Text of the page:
Creepy Mythical Monsters from Africa

Creepy Mythical Monsters from Africa

Scary leviathans and legendary monstrosities have always captured our imagination whilst terrifying us at the same time, but while most of us have heard of bigfoot and the Loch Ness monster, there are some equally horrifying beasts down in Africa that are lying in wait out there in the dark.


This dwarf-like creature is rumoured to reside in the forests littering the African continent and it is believed that the ancestral spirits of the people in the Zaire region take their form.

They are viewed as a type of ghost, ones which haunt the woods if they have got unfinished business left with the living. It is believed that they lurk in the treetops in the darkest reaches of jungles in this area and they are widely considered to be malicious.


Grootslang is an Afrikaans word which means big, or great, snake, and it is also the name of a monster that lives in the Wonder Hole cave in South Africa’s Richtersveld area.

As the story tells it, the original Grootsland became too powerful so the gods split it into two species, the elephant and the snake, but some of the monsters escaped this fate and ended up reproducing. It can grow to as much as 60-foot-long and the cave it lives in is supposed to be full of diamonds but no one wants to check it out to make sure!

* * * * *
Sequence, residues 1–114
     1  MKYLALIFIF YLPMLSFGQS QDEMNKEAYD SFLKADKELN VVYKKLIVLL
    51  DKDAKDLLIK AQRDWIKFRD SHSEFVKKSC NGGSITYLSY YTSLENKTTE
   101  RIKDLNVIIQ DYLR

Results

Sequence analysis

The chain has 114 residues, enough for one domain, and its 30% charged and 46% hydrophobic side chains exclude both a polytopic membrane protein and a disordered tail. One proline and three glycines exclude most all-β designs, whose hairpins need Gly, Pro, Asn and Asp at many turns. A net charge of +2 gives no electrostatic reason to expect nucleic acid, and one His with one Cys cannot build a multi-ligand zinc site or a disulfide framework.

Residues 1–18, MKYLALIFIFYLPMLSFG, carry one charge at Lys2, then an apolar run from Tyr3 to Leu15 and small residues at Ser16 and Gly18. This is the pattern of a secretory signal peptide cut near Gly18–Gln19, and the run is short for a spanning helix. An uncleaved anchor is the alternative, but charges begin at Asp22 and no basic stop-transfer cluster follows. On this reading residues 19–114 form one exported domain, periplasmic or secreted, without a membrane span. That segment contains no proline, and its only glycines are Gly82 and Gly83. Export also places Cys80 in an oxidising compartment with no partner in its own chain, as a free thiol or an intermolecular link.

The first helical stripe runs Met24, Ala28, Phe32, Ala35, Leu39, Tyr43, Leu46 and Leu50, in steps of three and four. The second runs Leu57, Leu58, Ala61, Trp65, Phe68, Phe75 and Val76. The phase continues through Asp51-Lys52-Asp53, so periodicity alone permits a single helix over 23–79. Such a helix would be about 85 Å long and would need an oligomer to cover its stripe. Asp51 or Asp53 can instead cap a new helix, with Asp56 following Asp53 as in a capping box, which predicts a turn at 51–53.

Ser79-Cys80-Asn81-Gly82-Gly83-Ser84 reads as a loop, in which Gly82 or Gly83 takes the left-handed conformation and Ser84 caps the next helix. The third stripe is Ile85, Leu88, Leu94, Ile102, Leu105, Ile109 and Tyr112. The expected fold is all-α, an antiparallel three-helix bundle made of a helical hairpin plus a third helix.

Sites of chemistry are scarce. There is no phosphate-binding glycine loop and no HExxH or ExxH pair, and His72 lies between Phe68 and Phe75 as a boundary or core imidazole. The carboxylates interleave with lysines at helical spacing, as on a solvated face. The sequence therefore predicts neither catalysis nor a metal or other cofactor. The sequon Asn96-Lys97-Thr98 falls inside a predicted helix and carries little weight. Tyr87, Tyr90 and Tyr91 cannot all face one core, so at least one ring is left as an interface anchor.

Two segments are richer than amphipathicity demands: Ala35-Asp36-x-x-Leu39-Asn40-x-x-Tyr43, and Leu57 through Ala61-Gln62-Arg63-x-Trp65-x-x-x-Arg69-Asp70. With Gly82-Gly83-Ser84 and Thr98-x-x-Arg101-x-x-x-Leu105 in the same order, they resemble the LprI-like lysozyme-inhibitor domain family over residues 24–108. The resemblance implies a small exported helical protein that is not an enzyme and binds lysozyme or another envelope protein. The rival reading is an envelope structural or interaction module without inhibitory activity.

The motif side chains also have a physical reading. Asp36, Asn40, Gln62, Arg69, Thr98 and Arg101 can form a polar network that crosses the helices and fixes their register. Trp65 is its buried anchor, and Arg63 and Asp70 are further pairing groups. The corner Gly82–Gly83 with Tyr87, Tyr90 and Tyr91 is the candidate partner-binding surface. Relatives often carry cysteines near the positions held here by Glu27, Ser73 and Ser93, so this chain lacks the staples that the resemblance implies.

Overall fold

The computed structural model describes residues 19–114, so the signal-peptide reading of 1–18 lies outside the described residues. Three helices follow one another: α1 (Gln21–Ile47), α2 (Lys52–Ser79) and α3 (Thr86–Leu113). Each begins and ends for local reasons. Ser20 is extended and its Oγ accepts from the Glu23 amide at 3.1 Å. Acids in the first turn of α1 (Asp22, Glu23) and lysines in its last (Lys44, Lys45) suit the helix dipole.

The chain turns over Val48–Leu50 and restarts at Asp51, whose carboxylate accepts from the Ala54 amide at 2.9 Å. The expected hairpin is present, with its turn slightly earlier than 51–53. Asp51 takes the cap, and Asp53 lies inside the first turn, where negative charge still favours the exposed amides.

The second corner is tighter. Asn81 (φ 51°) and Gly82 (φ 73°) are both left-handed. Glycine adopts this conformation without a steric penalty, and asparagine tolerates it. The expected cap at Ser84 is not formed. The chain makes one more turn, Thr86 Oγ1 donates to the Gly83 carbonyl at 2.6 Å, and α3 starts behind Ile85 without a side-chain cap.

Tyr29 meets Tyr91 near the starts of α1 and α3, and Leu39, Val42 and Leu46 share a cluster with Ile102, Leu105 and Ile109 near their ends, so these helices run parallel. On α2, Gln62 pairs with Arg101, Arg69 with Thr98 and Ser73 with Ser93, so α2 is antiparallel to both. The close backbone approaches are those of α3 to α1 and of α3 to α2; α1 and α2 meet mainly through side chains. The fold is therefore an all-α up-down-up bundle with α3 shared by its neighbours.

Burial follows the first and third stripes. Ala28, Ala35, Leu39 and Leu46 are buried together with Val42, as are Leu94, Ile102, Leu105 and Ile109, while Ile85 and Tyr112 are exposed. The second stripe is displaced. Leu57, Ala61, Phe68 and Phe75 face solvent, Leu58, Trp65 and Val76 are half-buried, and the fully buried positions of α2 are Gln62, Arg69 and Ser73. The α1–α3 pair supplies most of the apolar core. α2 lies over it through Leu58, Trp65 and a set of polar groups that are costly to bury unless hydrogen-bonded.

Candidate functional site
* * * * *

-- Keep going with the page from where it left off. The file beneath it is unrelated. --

If you decide to Google images of this animal, make sure and do something to take your mind off of it before you try to go to sleep or you will have nightmares for sure. Watch something calming on Netflix, browse your social media for a little bit, or play a game of two of the great Bingo Australia has to offer!


The Inkanyamba is an enormous, carnivorous, eel-like animal which appears in the legends of the Xhosa and Zulu in South Africa. They say it controls the weather and has huge fins and flippers. Although there are freshwater eels in South Africa that can reach sizes of much as six feet long, these pale in comparison to stories of the scary Inkanyamba.


These water spirits’ appearances shift depending on who is looking at them. Common descriptions see them as mermaid-type creatures, replete with long flowing hair and gapped teeth. They are thought to be able to cure disease, so the Duala, Bakweri, and other Sawa ethnic groups in Cameroon who believe in them hunt them. They are also thought to be able to communicate between the living realm and the spiritual one.


There have been eyewitness accounts and huge wounds to fuel stories of the Kongamato, originally from the explorers and native inhabitants of people living in the swamps of Angola, Conga, and Western Zambia, but no physical evidence of these bird-like creatures.

The bodies of their alleged victims were also never examined to confirm that the wounds they bore were from the mythical monster and most sightings have been attributed to a giant bat or misidentified bird.

Comments are closed.